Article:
Strategic Estates Partnerships – investing in challenging times: a briefing

A Strategic Estates Partnership (SEP) helps to resolve the challenges of investing to improve patient experience despite tight financial constraints. A SEP helps you to make the most of your powers and autonomy.  Is a SEP what you are looking for?

A SEP is…

  • A SEP is long-term, but it is not PFI.  It is an equal partnership; it is non-exclusive; it is less expensive than PFI to procure and less expensive to operate.
  • A SEP is strategic, not just a single project.  A SEP can deliver high value capital projects, but it has wider strategic objectives.  It is an estates-led, multi-project and multi-service approach to improvement.  It helps to meet wider needs across the wider local health and care economy
  • A SEP is a partnership, but it is not LIFT.  It is document-light and enables Trusts to make the most of their powers and their autonomy.  It delivers new schemes quickly and cost-effectively.
  • A SEP is a proven partnering model.  The SEP model enables Trusts to partner with advisers, developers, contractors and investors with confidence.  The SEP’s legal structure requires the SEP to develop and deliver projects and services that meet the Trust’s objectives.

Distinctive SEP Principles

The Strategic Estates Partnership model was introduced to the NHS in 2010 when Lancashire Care NHS Foundation Trust was the first to procure a partnership with Ryhurst Limited.  Each SEP is slightly different, because each one is set up to meet the objectives of the Trust that procures it (some are not even called SEPs), but at root it is a robust partnering model with distinctive principles. These principles set it apart from traditional approaches to engaging private sector involvement in NHS estates development and NHS estates management.

What a SEP can achieve

An NHS organisation can procure a SEP to deliver a very wide scope of activities. The Strategic Estates Partnership model will not only modernise the estate; it will enable service transformation.

A SEP unlocks opportunities for Trusts to generate capital receipts and revenue returns. It creates opportunities to work with private health providers, to develop housing and to launch new retail opportunities. A SEP brings additional resources and expertise to busy Trusts. It is an ideal platform for resolving the conflicting demands of living within tight financial constraints, whilst investing to improve patient experience.

A SEP enables Trusts to make the most of new opportunities. Live SEPs are engaged in:

  • Masterplanning
  • Improved space utilisation
  • Savings from PFI variations
  • New Main Entrance and Retail areas
  • Multi-storey car parks
  • Mental Health units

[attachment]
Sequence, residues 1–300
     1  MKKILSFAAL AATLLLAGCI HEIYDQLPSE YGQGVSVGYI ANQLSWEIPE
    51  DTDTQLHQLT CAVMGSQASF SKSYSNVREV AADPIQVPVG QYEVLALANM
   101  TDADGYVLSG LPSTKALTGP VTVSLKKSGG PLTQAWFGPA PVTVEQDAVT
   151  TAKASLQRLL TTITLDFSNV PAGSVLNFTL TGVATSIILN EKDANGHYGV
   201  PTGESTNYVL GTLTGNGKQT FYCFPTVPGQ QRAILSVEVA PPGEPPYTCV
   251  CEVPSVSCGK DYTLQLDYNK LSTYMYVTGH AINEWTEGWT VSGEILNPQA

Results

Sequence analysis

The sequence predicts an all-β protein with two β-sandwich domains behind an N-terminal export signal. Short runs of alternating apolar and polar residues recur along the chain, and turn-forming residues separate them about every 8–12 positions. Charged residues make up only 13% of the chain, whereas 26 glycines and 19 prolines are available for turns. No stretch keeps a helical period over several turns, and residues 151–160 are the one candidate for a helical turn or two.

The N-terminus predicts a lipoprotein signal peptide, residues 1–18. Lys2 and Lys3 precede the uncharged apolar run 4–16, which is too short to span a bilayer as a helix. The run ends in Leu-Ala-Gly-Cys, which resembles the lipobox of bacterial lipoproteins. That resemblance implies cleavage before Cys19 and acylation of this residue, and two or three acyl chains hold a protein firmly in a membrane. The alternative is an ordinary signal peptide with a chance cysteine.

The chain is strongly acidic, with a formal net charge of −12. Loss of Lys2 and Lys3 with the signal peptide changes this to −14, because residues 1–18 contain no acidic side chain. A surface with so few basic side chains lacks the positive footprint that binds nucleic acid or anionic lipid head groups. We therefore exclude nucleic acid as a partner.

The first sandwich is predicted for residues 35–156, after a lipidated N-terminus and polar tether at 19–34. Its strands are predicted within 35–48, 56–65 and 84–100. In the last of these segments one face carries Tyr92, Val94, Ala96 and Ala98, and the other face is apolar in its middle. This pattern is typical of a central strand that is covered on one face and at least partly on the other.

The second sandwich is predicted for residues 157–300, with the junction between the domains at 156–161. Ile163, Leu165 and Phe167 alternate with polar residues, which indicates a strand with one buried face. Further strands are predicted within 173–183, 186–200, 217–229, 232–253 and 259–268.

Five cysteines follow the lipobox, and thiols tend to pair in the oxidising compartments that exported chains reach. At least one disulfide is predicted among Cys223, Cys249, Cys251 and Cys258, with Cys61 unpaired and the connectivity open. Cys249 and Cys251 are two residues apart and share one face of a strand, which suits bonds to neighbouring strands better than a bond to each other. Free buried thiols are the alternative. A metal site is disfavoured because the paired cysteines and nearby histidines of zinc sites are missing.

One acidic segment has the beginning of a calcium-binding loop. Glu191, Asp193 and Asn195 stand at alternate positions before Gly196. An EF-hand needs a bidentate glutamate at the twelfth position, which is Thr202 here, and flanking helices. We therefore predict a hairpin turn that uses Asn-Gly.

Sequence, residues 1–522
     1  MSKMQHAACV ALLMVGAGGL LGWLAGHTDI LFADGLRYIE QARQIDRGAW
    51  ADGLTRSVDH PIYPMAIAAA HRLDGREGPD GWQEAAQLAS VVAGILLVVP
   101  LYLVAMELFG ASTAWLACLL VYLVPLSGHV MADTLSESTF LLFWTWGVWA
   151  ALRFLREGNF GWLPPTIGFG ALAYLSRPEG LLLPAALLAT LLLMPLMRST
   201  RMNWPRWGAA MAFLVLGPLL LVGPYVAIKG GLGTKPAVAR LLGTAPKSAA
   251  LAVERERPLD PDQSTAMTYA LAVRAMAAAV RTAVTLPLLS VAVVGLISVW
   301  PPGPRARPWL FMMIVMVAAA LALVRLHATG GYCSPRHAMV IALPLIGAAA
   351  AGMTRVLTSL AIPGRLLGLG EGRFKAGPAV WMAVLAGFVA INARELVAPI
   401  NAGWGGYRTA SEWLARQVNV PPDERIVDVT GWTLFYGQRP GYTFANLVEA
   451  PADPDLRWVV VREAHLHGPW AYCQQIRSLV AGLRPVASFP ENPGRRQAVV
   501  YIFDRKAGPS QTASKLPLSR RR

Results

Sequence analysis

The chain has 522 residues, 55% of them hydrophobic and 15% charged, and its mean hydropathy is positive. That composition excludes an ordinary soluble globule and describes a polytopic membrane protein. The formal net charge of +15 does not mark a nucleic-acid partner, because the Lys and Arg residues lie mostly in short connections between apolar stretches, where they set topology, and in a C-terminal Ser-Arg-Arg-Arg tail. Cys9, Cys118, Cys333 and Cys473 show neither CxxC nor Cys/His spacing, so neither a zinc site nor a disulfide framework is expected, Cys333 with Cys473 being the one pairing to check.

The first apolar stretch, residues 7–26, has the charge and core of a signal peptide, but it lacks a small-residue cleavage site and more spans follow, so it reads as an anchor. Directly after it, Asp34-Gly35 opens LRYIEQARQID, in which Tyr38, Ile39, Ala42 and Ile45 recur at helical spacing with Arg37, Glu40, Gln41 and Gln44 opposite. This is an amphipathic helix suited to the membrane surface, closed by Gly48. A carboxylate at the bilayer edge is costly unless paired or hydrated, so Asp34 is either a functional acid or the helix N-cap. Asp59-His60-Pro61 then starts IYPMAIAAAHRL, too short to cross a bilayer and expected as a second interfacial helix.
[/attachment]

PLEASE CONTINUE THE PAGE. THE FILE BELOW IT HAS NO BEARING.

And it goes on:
• Support for Trust estates management
  • Savings and improvements through facilities maintenance contracts
  • Patient hotels
  • Private patient treatment centres
  • New and improved IT services
  • Disposals and acquisitions

In many cases these have already been delivered.

Running a SEP

A special benefit of the SEP model is that there are clear and accountable processes for running your SEP energetically and transparently; in ways that enhance the Trust’s own good governance, and business planning.

SEPs are set up to identify and propose best value solutions for Trusts. Trusts gain access to the supply chain management skills and funding opportunities of their SEP partner, but the SEP does not commit Trusts to proceed with the opportunities proposed by their private sector partners. This balance makes the partnership dynamic.

Procuring a SEP

As contracting authorities, NHS bodies need to follow an OJEU compliant process to procure a JV partner, with whom to form the 50/50 JV partnership.  This takes time and resources, which some may query, but there are compelling reasons why both are easily recovered once the SEP is formed, as demonstrated by live SEPs.

Engagement with the competitive dialogue process supports and improves your strategic planning. The diagram below shows an indicative programme, including a procurement process of around seven months from OJEU notice to contract award. The dialogue phase may be longer or slightly shorter. The optimum duration will partly depend on  the Trust’s own focus and resources.

Once the SEP partner has been procured with a sufficient scope of action, the SEP is a quick and efficient way to deliver projects without further recourse to OJEU processes. The SEP need not limit your own access to NHS frameworks; a SEP can use Procure 21+ to deliver capital projects.

Using a SEP to develop New Projects and New Services

The SEP will be formed with an initial business plan and a strong incentive to start delivering. The SEP will work up the proposals already discussed in competitive dialogue to early financial close through the New Projects Approval Process (NPAP).

As a 50/50 partnership the SEP will operate under the mutual control of the Trust and the partner, both of whom will be financially motivated to present a workable submission for the Trust. Nevertheless, the projects that the SEP proposes will still need to meet the Trust’s approval criteria. These are refined by the Trust and confirmed in the NPAP on a case-by-case basis.

The NPAP process is proportionate and flexible;  it is a methodology that makes projects happen.

Find out more

This briefing is just an outline summary.  We would be happy to explore with you if a SEP is right for you. We can support you to appraise your options and engage with the market.

For further information please contact Crispin Pettifer.